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VOLVER AL INICIO - AGREGAR A FAVORITOS

                                                         

 

 Oct. 05/99

 

JUST BRIDGE...

 

PERCENTAGE PLAY NOT ALWAYS BEST

 

by Beverly Kraft -Eric Kokish


 It would be easy to assume that today's deal has been extracted from a textbook on card play, but the truth is that it was played by many pairs on an Internet bridge club.

 Most North-Souths reached 4
, but a few ambitious pairs climbed to 6 after auctions like the one in the bidding diagram. North's 3 cue-bid was unrelated to clubs but showed primary support for opener's suit and a near-maximum for the initial pass. South's 4, in contrast, promised complete control of clubs (void or singleton ace), interest in slam with long spades. North's 6 bid was a fair reflection of his working values. Although slam is not laydown it is a good contract. How should declarer play on the lead of the A?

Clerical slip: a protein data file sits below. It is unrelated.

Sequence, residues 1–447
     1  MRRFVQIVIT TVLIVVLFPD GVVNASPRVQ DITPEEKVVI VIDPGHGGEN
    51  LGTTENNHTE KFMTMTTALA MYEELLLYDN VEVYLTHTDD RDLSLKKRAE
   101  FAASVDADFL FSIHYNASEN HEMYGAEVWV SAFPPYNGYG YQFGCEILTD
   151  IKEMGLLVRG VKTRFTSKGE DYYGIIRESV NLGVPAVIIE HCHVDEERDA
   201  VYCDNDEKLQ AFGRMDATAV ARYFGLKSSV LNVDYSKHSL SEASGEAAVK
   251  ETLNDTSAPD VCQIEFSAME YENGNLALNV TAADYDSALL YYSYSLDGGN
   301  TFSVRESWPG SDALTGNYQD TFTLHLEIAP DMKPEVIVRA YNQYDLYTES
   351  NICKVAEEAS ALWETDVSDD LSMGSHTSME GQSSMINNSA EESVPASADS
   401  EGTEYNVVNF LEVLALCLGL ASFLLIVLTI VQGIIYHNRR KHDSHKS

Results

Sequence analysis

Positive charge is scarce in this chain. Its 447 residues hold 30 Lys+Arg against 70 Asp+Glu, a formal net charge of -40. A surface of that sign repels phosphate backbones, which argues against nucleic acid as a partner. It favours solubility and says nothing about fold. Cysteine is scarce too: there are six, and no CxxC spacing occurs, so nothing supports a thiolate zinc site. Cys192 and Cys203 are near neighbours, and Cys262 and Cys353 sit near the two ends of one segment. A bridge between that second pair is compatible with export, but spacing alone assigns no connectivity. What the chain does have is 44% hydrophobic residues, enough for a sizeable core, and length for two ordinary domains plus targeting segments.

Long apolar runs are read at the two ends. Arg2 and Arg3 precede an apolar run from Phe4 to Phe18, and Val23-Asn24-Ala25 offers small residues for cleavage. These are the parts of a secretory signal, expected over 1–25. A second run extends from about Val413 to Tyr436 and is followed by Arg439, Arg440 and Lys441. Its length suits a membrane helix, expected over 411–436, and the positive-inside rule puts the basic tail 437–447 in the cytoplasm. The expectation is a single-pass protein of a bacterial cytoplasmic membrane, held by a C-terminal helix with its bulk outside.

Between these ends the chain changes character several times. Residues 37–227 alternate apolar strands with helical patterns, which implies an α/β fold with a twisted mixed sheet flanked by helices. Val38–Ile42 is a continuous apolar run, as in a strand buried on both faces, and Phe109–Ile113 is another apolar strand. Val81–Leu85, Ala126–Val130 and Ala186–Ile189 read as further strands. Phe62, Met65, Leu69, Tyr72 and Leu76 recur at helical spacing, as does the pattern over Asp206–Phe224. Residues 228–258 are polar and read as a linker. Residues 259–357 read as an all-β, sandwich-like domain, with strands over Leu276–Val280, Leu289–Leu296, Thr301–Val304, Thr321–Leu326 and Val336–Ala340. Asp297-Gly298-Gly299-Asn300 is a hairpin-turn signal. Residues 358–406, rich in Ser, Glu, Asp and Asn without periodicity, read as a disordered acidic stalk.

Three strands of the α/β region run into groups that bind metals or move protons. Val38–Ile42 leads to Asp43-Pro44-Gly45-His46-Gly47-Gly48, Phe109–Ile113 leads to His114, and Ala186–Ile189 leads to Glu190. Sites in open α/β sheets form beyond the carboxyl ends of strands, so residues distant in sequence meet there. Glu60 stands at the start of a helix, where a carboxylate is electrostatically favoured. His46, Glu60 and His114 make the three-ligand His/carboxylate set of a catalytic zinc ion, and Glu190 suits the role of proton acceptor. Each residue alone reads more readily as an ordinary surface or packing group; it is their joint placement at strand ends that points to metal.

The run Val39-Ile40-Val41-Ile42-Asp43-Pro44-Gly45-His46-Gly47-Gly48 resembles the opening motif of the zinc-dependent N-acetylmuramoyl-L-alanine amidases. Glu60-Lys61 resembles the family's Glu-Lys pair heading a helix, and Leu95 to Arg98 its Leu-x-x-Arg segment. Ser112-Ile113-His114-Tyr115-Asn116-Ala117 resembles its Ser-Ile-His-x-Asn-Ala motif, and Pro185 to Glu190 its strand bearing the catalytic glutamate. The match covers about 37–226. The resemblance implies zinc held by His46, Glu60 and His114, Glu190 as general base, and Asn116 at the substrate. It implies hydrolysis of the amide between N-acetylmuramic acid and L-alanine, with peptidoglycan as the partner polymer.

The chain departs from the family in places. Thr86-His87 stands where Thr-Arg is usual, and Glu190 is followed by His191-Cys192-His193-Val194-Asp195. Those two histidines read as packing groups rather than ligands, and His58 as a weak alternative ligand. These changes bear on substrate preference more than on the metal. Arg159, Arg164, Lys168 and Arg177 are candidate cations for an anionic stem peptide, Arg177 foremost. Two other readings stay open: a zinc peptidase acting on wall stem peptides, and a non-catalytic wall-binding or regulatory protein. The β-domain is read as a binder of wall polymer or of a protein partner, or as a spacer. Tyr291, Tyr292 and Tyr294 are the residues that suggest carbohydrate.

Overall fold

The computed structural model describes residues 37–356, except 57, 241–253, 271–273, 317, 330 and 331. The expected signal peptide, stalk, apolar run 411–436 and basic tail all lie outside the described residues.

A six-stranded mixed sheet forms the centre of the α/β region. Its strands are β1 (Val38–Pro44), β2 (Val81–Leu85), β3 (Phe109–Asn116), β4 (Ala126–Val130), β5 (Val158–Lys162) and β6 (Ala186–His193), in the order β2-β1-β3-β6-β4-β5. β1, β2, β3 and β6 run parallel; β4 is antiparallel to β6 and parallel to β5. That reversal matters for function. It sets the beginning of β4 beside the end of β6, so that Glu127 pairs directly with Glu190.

North-South vulnerable North deals

  Q 10 8 4
A 7
A 7 3

10 7 4 2


Q 9 6
K 9 6

A Q J 9 8 5 3

5 3
10 8 5 3 2
J 10 8 4

K 6

  A K J 9 7 6 3
K J 4
Q 5 2

West North East South
  Pass Pass 1
2 3(1) Dble(2) 4
5 6 End  




(1) Good spade raise


(2) Lead a club, please


 Opening Lead:
A

 There is an attractive technical line: ruff, draw trumps, go to the
A, and lead a low diamond towards the queen. If East has the K, the hand is over. However, if West takes the Q with the king and exits safely with a diamond or a club, declarer will fall back on the heart finesse. A priori, it is slightly better than three chances in four that East has both important cards or one of them. These are excellent odds, and with no clues from the auction, this would be the indicated line of play. Unfortunately, it does not work here.

 There is an alternative plan that takes advantage of the information from the bidding. Draw trumps, ruffing three of dummy's clubs in the process. Play
A, K, and if the queen has not appeared, ruff the J in dummy. Then play dummy's last club and discard a diamond on it. West wins the trick and must lead from the K or play yet another club, permitting declarer to ruff in one hand and discard a diamond loser from the other. This line works not only when West has the K (as the auction suggests) but also when the Q drops in two rounds.